The opinion of the court was delivered by: Craig M. Kellison United States Magistrate Judge
FINDINGS AND RECOMMENDATIONS
Movant, a federal prisoner proceeding pro se, brings this motion to correct or set aside a criminal judgment pursuant to 28 U.S.C. § 2255. Pending before the court are: respondent's motion to dismiss (Doc. 86); and movant's motion for leave to amend (Doc. 87).
Movant was charged with one count of production of child pornography and one count of possession of matter which contained depictions of child pornography. A superceding indictment was later filed alleging an additional count of sex trafficking of a minor. Movant entered into a written plea agreement on April 12, 2010, pleading guilty to the third count of sex trafficking. Regarding the sentence, the agreement permitted movant to argue for a sentence outside the guidelines range provided that no sentence would be lower than the statutory mandatory minimum of ten years. The agreement also permitted the government to argue for a sentence up to the high end of the guidelines rang or 15 years, whichever was higher. The written plea agreement also contained a waiver of movant's rights to appeal or collaterally challenge the conviction or sentence. Finally, the agreement provided that the government would dismiss the first two counts.
In the pre-sentence report prepared by the probation officer calculated movant's offense level to be 31 with a criminal history category IV. The resulting guidelines range was 151 months to 188 months. The report recommended the mandatory minimum of 120 months, constituting a downward departure. At the time of sentencing movant argued for the recommended 120-month sentence. The government argues for 15 years. Movant was ultimately sentenced to 151 months.
In his § 2255 motion, movant raises one claims -- that his attorney was ineffective for failing to object to miscalculation of his criminal history.*fn1 In its motion to dismiss, respondent argues that the court lacks jurisdiction to entertain movant's § 2255 motion because he waived any right to collaterally attack his conviction or sentence. A waiver contained in a valid plea agreement is enforceable and deprives the court of jurisdiction. See Unites States v. Anglin, 215 F.3d 1064, 1066 (9th Cir. 2000); see also United States v. Abarca, 985 F.2d 1012 (9th Cir. 1992). A plea agreement is valid if it is entered into knowingly and voluntarily.
See United States v. Kaczynski, 239 F.3d 1108 (9th Cir. 2001). The scope of the waiver is "demonstrated by the express language of the plea agreement." Anglin, 215 F.3d at 1066.
Whether a plea agreement was made "knowingly and voluntarily" depends on the circumstances surrounding its signing and entry. See Anglin, 215 F.3d at 1066 (citing United States v. Bolinger, 940 F.2d 478, 480 (9th Cir. 1991)). While a plea colloquy pursuant to Federal Rule of Criminal Procedure 11 is not a prerequisite to a valid waiver, see United States v. Michlin, 34 F.3d 896, 898 (9th Cir. 1994), the district court's oral pronouncements are also relevant, see United States v. Navarro-Botello, 912 F.2d 318, 321 (9th Cir. 1990). Where the trial judge's unambiguous oral pronouncement differs from the written plea agreement, the oral pronouncement controls. See United States v. Buchanan, 59 F.3d 914, 917 (9th Cir. 1995). This is because the Ninth Circuit places a ". . . premium on a defendant's ability to trust a district court's statements. . . ." Anglin, 213 F.3d at 1067 (citing Buchanan, 59 F.3d at 917-18)).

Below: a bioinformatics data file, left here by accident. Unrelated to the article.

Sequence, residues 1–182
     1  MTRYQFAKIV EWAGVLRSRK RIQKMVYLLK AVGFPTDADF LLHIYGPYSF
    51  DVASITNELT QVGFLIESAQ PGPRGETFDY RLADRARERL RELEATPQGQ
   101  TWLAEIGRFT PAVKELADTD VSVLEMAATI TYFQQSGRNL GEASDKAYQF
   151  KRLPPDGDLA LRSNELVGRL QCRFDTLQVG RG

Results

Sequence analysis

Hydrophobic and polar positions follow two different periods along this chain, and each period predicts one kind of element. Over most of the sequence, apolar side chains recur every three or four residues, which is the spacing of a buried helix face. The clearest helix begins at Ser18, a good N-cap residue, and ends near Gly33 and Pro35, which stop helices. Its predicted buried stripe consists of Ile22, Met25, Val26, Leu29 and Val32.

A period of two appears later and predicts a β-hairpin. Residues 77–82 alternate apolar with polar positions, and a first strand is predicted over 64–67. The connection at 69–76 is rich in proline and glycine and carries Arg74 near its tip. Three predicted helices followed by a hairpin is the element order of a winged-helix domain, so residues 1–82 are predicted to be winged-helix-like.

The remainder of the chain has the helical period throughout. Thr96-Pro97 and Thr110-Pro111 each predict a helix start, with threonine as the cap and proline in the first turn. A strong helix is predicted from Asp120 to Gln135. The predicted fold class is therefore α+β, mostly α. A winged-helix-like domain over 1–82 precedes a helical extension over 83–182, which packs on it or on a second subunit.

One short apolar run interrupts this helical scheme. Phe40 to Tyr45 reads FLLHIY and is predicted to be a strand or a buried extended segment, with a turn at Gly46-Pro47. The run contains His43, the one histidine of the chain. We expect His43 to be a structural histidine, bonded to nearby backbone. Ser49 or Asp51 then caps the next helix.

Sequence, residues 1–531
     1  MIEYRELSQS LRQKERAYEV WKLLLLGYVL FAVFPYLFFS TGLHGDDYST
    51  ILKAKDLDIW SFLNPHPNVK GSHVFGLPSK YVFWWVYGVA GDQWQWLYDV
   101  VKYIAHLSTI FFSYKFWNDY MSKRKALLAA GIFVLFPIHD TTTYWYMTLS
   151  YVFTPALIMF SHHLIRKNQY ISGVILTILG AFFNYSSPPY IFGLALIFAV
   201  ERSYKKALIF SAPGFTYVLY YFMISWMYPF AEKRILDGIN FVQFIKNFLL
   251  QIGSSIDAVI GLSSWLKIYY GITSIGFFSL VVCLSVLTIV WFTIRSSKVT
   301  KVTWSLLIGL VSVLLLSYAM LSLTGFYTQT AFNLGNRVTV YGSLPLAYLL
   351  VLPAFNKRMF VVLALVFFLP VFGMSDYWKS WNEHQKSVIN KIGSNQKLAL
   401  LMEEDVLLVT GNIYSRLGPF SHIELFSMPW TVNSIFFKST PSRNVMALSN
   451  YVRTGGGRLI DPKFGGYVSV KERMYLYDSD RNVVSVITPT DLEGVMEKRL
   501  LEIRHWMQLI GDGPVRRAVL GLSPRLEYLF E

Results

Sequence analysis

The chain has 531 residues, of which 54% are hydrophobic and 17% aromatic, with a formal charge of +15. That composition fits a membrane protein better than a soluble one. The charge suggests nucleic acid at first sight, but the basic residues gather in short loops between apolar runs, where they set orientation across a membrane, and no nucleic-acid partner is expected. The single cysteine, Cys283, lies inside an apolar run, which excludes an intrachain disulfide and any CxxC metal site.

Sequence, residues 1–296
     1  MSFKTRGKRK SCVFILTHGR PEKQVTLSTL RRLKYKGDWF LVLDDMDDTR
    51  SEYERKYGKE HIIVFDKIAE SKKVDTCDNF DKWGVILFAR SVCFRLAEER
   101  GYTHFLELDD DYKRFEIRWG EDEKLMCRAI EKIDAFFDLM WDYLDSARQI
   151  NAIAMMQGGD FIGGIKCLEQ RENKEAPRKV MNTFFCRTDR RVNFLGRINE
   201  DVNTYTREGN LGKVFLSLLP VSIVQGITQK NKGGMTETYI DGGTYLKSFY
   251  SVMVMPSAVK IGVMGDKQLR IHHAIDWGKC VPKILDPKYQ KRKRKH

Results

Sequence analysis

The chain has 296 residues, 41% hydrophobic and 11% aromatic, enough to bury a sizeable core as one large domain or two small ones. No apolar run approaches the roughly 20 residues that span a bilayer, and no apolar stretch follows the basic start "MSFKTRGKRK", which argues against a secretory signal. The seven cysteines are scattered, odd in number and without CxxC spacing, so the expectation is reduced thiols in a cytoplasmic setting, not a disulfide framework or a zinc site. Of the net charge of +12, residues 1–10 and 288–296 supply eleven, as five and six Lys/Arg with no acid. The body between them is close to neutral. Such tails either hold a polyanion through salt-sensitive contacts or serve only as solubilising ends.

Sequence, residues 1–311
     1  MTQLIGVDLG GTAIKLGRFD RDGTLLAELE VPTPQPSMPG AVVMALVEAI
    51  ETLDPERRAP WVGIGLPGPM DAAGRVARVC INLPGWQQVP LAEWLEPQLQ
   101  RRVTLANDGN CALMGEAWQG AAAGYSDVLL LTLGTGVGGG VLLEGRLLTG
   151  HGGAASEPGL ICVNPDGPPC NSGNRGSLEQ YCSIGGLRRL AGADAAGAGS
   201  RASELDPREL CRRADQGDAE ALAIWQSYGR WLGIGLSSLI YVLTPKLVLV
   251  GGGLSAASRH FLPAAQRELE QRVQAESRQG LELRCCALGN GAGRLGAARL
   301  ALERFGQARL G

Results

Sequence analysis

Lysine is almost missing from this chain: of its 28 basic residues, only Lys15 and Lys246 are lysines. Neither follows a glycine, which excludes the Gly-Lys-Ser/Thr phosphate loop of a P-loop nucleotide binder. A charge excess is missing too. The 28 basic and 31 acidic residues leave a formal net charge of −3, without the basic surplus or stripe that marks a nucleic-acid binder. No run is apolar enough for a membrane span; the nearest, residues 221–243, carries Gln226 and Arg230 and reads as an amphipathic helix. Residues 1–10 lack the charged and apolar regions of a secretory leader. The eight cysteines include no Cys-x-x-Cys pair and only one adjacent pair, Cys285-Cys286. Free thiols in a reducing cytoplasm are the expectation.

It is unclear in this circuit whether waiver applies to a § 2255 motion raising ineffective assistance of counsel with respect to the plea. See United States v. Pruitt, 32 F.3d 431, 433 (9th Cir. 1994) (declining to decide whether waiver forecloses a claim of ineffective assistance of counsel raised in a § 2255 motion); but see United States v. Baramdyka, 95 F.3d 840, 844 (9th Cir. 1996) (citing Pruitt and reviewing ineffective assistance of counsel claim despite waiver). In Washington v. Lampert, 422 F.3d 864 (9th Cir. 2005), a § 22554 case, the Ninth Circuit noted the uncertainty with respect to waivers and § 2255 cases, but held that waivers do not bar ineffective assistance of counsel claims relating to the plea in § 2254 cases. In doing so, the court adopted the Seventh Circuit's reasoning in Jones v. United States, 167 F.3d 1142 (7th Cir. 1999), a § 2255 case. See Washington, 422 F.3d at 871. The court is unaware of any Ninth Circuit authority which expressly reaches the same conclusion in the context of a motion under § 2255, and the parties have cited to none. In an abundance of caution, the court will presume for the moment that an ineffective assistance claim relating to the plea agreement would be allowed.
The gravamen of movant's response to respondent's motion to dismiss is that the waiver was entered into knowingly. Movant states:
In addition to not fully understanding the law terms, counsel misled defendant to believe that there was no other alternative course of action. Counsel presented the defendant with a plea agreement, but never informed the defendant that any aspects of the government could have been disputed, argued, negotiated, or even that an attempt to negotiate any of the conditions or terms of the agreement could have been made.
Movant also states that ". . . counsel simply told him [Epps] that the legal language of the waivers meant that if he wasn't satisfied with his sentence, he couldn't take it back and opt to go to trial just because he didn't obtain the desired outcome."
The argument that movant did not understand the terms of the plea agreement due to counsel's perceived ineffectiveness is not supported by the record. In the written agreement itself, just ...